Grades 1-2: Students in grades 1-2 are continuing to develop their academic skills and becoming more independent. Homework will be assigned on a regular basis and should take approximately 10 minutes per night for first graders and 20 minutes per night for second graders to complete.
Grades 3-5: Students in grades 3-5 are becoming more independent as they transition to middle school. Therefore, homework may involve more project based learning assignments which help children learn to manage time and prioritize. Projects also allow for more differentiation based on individual student needs. As students progress through the intermediate grades, homework should take between 30-50 minutes per day to complete.
Grades 6-8: Middle school students are preparing for the transition to high school, where students are expected to be completely independent. Therefore homework assignments will include more culminating projects such as essays, presentations and reflections to help indicate individual student learning and provide more practice with application of skills.
Grades 6, 7 and 8 should receive 10 minutes of homework per grade level. A sixth grade student should receive approximately 60 minutes of homework, a seventh grade student, 70 minutes and an eighth grade student, 80 minutes per day.
Parent Involvement: Homework is seen as an integral part of the school experience. Student success in school is often a reflection of the support and assistance parents offer with homework. Parents are encouraged to listen to reading, dictate spelling words and ask for definitions, assist in research and problem solving, encourage, direct, and drill, but never just give out answers. Doing these tasks requires parental time and effort. It is well worth it, however, in order to keep in touch with what your child is learning at school. If parents have a question about the school work or an assignment, please email, call the teacher at school, or write the teacher a note.
The following are suggested methods for parental involvement in homework:
The Options Department of Bell School believes homework is an integral element of a child’s educational program. In addition to teaching responsibility, building independence and offering enrichment opportunities, it helps children develop positive study skills and habits that will serve them throughout their lives. At the beginning of the school year, your child’s teacher will send home grade-specific information about homework requirements.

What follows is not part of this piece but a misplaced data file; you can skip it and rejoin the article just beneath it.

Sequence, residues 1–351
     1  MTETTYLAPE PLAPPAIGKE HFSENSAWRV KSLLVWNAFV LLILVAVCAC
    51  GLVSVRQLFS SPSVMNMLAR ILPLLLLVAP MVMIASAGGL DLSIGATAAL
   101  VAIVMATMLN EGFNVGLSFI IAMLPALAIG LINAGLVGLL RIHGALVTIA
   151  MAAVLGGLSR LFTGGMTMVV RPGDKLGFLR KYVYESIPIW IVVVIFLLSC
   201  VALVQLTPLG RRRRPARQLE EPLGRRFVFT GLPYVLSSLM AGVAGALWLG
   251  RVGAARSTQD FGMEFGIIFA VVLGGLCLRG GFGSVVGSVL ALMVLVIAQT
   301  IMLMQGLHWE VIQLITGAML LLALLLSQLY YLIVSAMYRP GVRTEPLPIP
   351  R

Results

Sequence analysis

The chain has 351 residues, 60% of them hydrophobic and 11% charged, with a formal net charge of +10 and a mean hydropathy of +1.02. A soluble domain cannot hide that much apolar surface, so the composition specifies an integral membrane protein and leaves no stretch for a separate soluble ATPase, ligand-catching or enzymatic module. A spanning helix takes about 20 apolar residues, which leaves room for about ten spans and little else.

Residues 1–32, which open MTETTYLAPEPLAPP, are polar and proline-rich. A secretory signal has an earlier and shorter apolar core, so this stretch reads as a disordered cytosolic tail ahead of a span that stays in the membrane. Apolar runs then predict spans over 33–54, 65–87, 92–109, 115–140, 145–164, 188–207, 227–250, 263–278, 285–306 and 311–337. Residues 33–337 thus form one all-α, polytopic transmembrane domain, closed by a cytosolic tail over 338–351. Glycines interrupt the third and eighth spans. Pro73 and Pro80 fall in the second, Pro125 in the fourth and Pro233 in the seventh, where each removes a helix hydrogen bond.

Beginning in first grade, students in the Options department are provided assignment notebooks and taught how to use them to keep track of assignments. In first through third grades, parents are encouraged to check the planners for completion and accuracy. Teachers will provide information about homework via newsletters, handouts, and/or classroom websites. However, by the time students are in fourth grade, they are expected to keep track of assignments and due dates by themselves.
Primary level students in the Options department are expected to spend between thirty and forty-five minutes daily on homework. Intermediate level students are expected to spend between forty-five and ninety minutes daily on homework. Upper level students are expected to spend between ninety minutes and two hours daily on homework. Teachers of all grades assign little or no homework on the weekends to provide maximum opportunity and time for long-term projects and family activities.
Homework in the primary grades often consists of reinforcement of class work and extension of class activities. As a result, there are frequent short-term daily homework assignments. However, long-term projects are part of every grade level in the Options department. As students move from the primary to intermediate to upper grades, there are fewer day-to-day assignments and more long-term assignments. All students are expected to read independently every day.
Student success in school is often a reflection of the support and assistance parents offer with homework. Parents of younger students are encouraged to listen to reading, dictate spelling words, ask for definitions, assist in research and problem solving, encourage, direct, and practice, but never just give out answers. Doing these tasks requires parental time and effort. It is well worth it, however, in order to keep in touch with what your child is learning at school.
If parents of younger students have questions about an assignment, they may email, call, or write their child’s teachers. However, in an effort to foster independence, even students in first through third grade should be encouraged to ask their teachers for help themselves. By the time students are in fourth grade, they are expected to contact the teacher themselves if they have questions about classwork or homework assignments.
The following are suggested methods for parental involvement in homework: